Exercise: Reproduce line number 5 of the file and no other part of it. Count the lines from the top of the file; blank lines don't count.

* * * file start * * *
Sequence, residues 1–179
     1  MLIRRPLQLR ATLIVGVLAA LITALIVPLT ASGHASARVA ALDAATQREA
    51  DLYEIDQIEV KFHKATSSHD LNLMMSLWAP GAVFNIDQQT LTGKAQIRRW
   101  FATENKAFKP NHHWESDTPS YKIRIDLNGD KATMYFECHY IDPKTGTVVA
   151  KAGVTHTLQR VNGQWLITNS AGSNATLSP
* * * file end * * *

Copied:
   151  KAGVTHTLQR VNGQWLITNS AGSNATLSP